PATERNAL REPUBLICANISM AND THE
CONSTRUCTION OF SUBALTERN CITIZENS
In the postwar period the intimate matters of the household became the target of a sustained and intense public scrutiny. Choices families made on how to allocate their resources became the subject of general debate: how much food families consumed; whether they were giving their babies sterile milk; how clean mothers kept their homes; how much time parents allowed for their sons' and daughters' education; whether they depended on children to contribute to household income; whether mothers were spending too much time at work and not enough on caring for their families; whether fathers should be the sole breadwinners, earning a family wage. These and similar issues were debated at political club meetings and ladies' charity socials, and in government offices, newspapers, and cafes.
While such discussions had occurred before World War I, in the context of Ottoman reform and the need to save the empire, the terms of discussion were utterly transformed by the war and the French occupation. As discussed in Part One, the war had shattered many households and prostrated others to an unforgettable base of vulnerability. At the same time, the war marked the end of several decades of prosperity, and opened the door to state intervention in household affairs. However, France's paternalistic social policy distributed benefits unevenly, aggravating gender, class, and religious tensions that had mounted in the trauma of the war. These factors contributed to the rise of new urban social movements that did not merely discuss social reforms, but organized to demand them from the state as a right, as had never been done under the Ottomans. The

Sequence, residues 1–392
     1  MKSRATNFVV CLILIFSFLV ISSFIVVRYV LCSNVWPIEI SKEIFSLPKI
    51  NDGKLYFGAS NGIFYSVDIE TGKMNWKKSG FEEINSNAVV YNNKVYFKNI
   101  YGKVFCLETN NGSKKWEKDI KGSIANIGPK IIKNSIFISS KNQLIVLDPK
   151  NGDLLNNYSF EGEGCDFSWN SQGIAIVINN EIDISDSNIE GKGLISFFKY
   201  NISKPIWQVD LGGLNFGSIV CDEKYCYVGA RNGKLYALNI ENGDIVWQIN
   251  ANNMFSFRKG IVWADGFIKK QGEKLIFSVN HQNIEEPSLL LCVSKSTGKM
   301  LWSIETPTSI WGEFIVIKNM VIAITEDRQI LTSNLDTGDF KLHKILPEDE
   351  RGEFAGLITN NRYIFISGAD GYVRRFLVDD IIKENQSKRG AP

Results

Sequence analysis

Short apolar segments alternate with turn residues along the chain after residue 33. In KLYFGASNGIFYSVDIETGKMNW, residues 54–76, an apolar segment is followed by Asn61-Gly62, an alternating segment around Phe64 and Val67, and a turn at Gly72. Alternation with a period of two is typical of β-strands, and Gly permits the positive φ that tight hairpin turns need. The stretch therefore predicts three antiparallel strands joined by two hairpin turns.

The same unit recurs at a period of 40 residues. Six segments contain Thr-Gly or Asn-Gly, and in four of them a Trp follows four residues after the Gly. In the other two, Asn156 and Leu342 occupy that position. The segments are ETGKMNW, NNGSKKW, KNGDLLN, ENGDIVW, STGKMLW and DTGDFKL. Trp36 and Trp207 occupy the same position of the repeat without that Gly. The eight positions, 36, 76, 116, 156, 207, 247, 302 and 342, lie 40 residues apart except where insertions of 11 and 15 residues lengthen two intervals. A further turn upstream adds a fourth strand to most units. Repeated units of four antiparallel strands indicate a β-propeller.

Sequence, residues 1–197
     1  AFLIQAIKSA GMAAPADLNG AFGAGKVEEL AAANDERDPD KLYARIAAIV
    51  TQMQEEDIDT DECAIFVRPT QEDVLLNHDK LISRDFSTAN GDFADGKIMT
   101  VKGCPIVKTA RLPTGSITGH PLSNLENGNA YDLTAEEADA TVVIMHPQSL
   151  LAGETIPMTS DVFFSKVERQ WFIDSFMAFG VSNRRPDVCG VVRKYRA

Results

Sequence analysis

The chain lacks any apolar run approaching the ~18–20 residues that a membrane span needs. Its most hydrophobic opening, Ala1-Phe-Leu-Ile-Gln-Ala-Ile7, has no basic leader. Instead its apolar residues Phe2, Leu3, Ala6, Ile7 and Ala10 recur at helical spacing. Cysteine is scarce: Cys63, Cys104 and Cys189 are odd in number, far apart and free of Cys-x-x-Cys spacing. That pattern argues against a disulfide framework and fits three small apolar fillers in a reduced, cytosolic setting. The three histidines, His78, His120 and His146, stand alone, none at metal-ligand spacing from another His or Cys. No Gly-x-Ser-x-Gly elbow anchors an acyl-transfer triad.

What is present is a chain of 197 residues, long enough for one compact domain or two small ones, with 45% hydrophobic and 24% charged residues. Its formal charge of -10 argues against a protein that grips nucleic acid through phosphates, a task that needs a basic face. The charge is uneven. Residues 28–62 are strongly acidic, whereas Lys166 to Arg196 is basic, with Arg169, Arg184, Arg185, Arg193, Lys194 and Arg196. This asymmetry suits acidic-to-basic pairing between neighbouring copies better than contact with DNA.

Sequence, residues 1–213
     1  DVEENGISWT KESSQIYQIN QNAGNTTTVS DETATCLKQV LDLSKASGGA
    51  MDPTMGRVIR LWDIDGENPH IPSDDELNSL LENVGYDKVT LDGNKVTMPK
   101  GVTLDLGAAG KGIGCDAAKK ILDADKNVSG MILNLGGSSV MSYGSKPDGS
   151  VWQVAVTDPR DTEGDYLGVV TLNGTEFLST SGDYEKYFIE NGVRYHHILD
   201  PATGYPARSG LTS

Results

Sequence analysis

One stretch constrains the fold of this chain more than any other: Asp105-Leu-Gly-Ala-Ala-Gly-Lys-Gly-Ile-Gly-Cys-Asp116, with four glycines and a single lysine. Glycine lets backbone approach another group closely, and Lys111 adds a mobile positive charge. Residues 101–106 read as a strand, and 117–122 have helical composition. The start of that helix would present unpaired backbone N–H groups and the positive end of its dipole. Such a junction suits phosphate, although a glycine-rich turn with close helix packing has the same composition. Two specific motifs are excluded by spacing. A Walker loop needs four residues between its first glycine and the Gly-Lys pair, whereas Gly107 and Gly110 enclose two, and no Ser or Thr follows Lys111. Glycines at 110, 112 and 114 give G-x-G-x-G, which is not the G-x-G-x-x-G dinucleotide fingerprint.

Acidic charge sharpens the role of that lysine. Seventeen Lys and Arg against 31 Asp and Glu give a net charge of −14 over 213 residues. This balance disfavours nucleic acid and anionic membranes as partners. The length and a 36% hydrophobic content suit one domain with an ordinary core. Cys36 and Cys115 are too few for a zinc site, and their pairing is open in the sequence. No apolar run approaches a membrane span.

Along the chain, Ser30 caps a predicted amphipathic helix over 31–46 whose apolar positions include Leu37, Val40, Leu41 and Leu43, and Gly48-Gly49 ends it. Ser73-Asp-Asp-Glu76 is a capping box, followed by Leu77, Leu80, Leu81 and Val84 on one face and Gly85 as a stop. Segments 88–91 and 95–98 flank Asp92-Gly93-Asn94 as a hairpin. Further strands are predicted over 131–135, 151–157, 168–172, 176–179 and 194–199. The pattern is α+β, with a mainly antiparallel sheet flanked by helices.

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Publication information: Book title: Colonial Citizens:Republican Rights, Paternal Privilege, and Gender in French Syria and Lebanon. Contributors: Elizabeth Thompson - Author, Leila Fawaz - Editor. Publisher: Columbia University Press. Place of publication: New York. Publication year: 2000. Page number: 71.
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